Ask our designers their favorite part of our process, and they’ll all say, “When it’s done, and I get to see the design in real life!” (Homeowners usually agree.) A designer’s second favorite part, however, is helping a homeowner select the materials for their design.
If you’re updating your kitchen to make it easier to clean, read here about the three types of material that help you maintain an (almost) germ-free space.
Copper: Sinks, fixtures, and cabinet hardware
How does copper help us keep our homes clean? It’s naturally antimicrobial.
Copper is a material that has been used for generations to hold water. Copper prevents the growth of bacteria and kills germs on surfaces. "EPA-registered copper kills several types of bacteria, including Staph and e-coli. It also can kill 99.9% of bacteria within 2 hours, when cleaned regularly.” (1) Not only is copper antibacterial, it’s also antiviral and anti-fungal. (2)
The way it works is this: “… Copper ions are released when microbes land on the surface. These microbes can be from dirty dishes, a sneeze, or a single touch of a finger. Essentially, these copper ions destroy the microbes’ DNA and RNA to prevent cell respiration and the spread of disease. What’s even more incredible about this is that this process prevents mutation, meaning microbes can never become resistant to copper. Instead, copper is strong enough to kill superbugs that have mutated to be antibiotic-resistant.” (2)
You can see why copper is very practical in a kitchen, because “anything that you regularly touch with your hands is also likely to get a lot of germs on it (that includes things like the taps and faucet, as well as the door and cupboard handles).” (3)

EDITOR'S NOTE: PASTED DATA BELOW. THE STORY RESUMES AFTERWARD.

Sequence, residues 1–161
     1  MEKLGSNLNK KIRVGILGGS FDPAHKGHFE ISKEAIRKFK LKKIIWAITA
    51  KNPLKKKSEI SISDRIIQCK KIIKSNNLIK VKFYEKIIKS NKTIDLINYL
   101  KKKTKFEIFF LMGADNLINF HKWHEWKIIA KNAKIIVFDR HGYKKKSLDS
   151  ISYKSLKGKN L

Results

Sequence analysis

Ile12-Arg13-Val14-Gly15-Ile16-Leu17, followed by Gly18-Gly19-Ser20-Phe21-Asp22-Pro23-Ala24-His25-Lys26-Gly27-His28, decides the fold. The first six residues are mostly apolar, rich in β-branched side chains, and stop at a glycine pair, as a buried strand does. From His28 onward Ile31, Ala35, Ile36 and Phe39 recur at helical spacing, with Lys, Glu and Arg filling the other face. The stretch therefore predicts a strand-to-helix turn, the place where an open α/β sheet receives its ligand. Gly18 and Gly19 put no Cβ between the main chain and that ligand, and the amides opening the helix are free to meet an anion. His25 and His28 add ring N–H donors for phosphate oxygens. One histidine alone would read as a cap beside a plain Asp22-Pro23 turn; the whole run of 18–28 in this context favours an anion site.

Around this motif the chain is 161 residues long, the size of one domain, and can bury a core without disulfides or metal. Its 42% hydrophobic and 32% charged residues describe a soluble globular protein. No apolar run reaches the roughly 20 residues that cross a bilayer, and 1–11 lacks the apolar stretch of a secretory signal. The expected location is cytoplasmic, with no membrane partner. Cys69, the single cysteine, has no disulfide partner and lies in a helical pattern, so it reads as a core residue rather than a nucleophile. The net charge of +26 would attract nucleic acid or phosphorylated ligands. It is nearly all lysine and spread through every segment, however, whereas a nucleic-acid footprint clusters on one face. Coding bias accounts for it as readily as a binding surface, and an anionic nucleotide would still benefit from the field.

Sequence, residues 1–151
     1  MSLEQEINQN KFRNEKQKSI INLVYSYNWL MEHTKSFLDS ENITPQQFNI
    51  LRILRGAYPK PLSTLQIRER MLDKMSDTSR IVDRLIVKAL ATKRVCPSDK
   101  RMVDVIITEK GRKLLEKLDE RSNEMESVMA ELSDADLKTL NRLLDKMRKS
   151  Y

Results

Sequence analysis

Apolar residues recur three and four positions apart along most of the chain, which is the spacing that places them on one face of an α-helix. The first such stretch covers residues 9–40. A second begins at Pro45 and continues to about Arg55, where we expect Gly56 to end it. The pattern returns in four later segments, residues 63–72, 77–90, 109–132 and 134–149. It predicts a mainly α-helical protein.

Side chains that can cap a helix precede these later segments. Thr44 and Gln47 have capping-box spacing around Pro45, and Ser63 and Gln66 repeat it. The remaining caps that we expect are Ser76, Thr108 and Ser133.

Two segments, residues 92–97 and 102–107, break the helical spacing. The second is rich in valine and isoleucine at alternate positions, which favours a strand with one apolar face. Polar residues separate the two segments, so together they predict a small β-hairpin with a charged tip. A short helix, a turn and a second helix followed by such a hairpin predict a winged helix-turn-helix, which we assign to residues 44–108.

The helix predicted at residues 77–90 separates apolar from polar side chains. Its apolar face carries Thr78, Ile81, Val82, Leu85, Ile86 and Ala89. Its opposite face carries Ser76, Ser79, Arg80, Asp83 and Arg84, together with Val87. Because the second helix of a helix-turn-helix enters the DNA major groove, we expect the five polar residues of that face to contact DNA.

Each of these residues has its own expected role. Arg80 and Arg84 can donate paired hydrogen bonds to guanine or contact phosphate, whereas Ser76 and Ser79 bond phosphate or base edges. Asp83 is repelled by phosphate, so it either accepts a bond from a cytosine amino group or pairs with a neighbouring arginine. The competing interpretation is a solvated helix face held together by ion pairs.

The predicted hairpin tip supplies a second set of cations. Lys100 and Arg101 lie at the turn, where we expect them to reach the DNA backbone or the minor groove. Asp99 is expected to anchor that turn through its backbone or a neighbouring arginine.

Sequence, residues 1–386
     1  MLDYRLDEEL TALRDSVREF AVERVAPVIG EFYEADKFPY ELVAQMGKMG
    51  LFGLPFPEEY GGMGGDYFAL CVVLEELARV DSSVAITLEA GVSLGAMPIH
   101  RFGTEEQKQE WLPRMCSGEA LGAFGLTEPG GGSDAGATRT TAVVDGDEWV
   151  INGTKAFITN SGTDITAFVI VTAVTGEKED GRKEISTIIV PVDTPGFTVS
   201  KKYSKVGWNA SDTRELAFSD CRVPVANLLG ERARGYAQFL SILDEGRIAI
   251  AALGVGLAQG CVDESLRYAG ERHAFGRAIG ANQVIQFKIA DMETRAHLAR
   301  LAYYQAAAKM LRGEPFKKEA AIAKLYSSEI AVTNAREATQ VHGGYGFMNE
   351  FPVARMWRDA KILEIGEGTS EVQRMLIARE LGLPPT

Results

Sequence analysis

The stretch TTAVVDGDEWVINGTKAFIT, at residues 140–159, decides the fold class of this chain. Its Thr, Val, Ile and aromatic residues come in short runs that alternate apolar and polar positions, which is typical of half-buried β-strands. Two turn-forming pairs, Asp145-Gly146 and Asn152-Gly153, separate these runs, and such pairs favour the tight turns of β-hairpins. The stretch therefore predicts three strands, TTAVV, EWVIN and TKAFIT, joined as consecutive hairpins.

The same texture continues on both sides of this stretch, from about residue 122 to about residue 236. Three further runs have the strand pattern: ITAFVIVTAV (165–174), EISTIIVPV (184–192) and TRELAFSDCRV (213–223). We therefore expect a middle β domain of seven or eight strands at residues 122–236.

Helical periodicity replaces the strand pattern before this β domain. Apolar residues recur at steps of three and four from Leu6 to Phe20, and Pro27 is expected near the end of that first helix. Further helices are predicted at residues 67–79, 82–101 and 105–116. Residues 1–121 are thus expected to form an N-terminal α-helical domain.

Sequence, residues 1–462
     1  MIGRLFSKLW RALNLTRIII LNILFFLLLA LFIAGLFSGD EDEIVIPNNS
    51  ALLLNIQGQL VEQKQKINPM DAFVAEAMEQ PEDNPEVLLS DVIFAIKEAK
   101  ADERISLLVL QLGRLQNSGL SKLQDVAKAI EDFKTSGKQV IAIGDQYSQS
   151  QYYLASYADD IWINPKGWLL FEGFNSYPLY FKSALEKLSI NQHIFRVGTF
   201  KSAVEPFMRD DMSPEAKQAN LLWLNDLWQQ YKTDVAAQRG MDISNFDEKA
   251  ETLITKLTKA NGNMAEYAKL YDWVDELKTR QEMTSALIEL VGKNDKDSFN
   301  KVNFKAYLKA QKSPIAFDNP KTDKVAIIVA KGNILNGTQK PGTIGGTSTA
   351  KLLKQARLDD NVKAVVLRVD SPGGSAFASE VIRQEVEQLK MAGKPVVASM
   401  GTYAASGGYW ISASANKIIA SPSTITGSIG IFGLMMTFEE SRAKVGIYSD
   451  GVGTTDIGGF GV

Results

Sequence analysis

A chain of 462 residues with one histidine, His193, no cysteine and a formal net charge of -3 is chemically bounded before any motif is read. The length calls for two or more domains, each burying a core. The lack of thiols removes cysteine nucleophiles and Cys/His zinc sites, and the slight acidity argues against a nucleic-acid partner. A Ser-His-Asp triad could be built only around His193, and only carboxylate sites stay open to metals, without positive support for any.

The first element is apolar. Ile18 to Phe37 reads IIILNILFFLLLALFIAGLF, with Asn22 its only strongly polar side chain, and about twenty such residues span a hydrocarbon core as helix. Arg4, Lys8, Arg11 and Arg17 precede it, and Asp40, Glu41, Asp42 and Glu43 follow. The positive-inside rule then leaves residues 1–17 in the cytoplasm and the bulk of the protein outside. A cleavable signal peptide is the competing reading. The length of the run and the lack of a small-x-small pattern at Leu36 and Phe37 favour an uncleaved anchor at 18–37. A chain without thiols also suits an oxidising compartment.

It’s rust-resistant, too, so using copper in a kitchen, or anywhere you will be using water regularly, makes sense.
Copper is also trending. “2022 is the year that [copper] is going to become a more mainstream color,” predicts Homenish.com. “Copper hardware, such as handles and hinges, really stand out best against cabinets in a contrasting color.” And with dark blue as a common color for islands and base cabinets now, copper is a perfectly trending match, especially if you have “a copper sink and faucet .… Copper sinks look great in deep farmhouse styles, set against a hardwood countertop in a weathered, aged finish.” (4)
Whatever your kitchen’s style, copper fits. It can be formed into just about any size or style of cabinet pull, handle, or sink – whether your kitchen is more traditional, eclectic, modern, or rustic. It can be hammered, polished smooth and shiny, or added to other metals for a bronze look. It can tarnish over time into a brownish color, or finished into a pink hue. (5)
Another surface that is constantly being touched (hence, germ-ified) is your kitchen countertop. Fortunately for homeowners, several companies have developed antimicrobial coatings and alloys over the last 10-15 years that help keep us all healthier.
Because “bacteria reproduce very quickly on a porous surface,” (6) non-porous materials are ideal for a sanitary kitchen, as it's difficult for bacteria, mold, and mildew to grow and replicate on it. (7)
Some products that meet this criterion are: